Other studies also suggest that, overall, women may experience more issues with glucose clearance. Some experts think this may have to do with the difference in male and female body compositions, while others think women may be more prone to insulin issues because of differences in carbohydrate metabolism.

Evidence suggests that male and female livers may also perform differently when regulating glucose while fasting. Women may release less glucagon (a hormone released to help raise blood sugar levels when they are low) to fuel them through exercise compared to men.

It is also common for women to feel more hungry during a fast than men.

Intermittent Fasting and the Male Body

Fasting has a huge role to play in **testosterone levels**. For men, testosterone supports and increases muscle mass and strength through improved protein synthesis. It blocks fat uptake and storage and burns fat instead. Testosterone also promotes healthy kidney function and bone growth and density. Testosterone also has positive effects on cognition and mental health.

Intermittent fasting has several ties with testosterone levels. Firstly, it elevates growth hormone levels; supporting muscle growth, penile function, and better cognition. Secondly, it increases LH (luteinizing hormone) levels. And lastly, it regulates leptin levels, which in turn, stimulates testosterone secretion from the hypothalamus.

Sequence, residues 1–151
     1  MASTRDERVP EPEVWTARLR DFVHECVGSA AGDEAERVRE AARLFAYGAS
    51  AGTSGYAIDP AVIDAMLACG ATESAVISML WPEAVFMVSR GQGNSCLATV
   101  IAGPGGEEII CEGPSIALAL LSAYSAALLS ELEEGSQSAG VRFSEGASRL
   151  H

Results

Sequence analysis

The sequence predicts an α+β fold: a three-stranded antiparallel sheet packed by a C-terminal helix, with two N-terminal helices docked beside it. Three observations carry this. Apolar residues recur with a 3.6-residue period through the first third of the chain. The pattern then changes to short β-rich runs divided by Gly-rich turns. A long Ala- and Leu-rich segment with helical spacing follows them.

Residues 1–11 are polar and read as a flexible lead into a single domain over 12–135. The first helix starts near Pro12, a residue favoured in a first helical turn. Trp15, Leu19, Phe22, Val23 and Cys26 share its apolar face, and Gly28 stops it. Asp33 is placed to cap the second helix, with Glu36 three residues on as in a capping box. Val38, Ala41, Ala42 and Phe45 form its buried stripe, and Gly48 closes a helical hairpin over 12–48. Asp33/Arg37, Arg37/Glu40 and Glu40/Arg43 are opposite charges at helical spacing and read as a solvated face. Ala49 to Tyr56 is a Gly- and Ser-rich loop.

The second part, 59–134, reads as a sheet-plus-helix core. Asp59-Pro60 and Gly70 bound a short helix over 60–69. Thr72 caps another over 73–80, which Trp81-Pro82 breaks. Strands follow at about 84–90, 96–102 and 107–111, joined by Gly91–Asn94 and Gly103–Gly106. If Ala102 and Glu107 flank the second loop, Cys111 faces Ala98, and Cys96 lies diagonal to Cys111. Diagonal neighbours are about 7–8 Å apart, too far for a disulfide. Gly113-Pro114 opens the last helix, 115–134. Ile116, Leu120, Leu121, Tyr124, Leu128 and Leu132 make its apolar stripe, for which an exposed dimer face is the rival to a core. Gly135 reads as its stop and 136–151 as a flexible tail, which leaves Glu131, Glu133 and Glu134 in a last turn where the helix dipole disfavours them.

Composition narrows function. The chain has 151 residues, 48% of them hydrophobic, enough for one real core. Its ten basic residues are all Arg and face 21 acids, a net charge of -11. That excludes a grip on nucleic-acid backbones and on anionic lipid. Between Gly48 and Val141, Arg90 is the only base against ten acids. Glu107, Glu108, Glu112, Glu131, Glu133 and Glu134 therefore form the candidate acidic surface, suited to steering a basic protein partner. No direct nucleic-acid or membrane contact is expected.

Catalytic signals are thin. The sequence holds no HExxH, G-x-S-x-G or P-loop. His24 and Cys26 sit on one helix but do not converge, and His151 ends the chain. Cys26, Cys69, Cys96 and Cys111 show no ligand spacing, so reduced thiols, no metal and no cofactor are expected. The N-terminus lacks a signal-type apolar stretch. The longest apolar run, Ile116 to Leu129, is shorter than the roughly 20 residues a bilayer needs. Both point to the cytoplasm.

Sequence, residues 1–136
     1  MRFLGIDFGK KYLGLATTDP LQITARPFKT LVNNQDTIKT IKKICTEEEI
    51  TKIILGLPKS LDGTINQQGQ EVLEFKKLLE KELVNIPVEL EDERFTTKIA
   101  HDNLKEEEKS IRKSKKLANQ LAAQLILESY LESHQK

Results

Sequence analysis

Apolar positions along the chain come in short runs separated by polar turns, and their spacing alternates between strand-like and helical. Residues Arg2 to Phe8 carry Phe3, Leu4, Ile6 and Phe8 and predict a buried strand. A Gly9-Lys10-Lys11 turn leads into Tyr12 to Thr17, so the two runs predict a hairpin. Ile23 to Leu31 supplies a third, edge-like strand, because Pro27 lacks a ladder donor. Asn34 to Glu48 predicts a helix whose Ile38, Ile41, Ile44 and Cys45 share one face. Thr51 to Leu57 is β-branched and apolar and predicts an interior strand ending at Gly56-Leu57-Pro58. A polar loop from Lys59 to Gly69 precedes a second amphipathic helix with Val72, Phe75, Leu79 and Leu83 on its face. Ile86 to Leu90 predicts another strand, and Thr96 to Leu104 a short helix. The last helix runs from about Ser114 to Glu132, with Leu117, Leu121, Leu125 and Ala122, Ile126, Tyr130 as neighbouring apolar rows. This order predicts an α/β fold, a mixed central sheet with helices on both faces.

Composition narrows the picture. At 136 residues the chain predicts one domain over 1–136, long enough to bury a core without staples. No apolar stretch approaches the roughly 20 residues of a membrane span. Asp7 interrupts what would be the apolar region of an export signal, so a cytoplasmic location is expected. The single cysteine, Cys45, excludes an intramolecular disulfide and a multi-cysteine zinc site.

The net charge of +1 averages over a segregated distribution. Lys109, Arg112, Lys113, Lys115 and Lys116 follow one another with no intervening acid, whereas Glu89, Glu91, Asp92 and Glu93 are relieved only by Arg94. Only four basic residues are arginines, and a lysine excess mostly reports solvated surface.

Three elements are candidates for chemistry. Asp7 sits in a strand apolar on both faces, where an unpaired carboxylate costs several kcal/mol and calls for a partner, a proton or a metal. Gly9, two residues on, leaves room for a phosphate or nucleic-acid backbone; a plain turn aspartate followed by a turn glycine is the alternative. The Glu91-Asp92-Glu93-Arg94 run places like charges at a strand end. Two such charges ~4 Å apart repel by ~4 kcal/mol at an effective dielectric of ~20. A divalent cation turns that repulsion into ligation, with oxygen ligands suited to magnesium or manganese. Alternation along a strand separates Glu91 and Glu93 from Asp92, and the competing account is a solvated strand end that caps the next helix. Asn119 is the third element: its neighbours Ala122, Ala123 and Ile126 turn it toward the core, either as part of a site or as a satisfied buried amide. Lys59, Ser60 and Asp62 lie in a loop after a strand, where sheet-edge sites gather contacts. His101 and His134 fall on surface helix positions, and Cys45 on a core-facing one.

During short periods of fasting (12-24 hours), one study showed that men’s metabolism **increases up to 14%.**

In addition, another study reports that the male body improves testosterone utilization (10-200%), growth hormone production (100-200%), and an improvement in blood lipids to support the increased hormonal production and decreased risk factors for cardiovascular disease.

Intermittent Fasting and the Female Body

Some evidence suggests that intermittent fasting may not be as beneficial for some women as it is for men. One study showed that, after three weeks of alternate-day fasting, the blood sugar control in women worsened. Plus, many anecdotal stories claim that menstrual cycles may be affected.

Such shifts occur because female bodies are extremely sensitive to calorie restriction. If your calorie intake is too low the hypothalamus (a small area in the brain that plays an important role in hormone production) is affected.

This may disrupt the secretion of gonadotropin-releasing hormone (GnRH), a hormone that helps release two reproductive hormones: luteinizing hormone (LH) and follicle-stimulating hormone (FSH). If these hormones cannot communicate with the ovaries, you run the risk of irregular periods, infertility, poor bone health, and other health effects.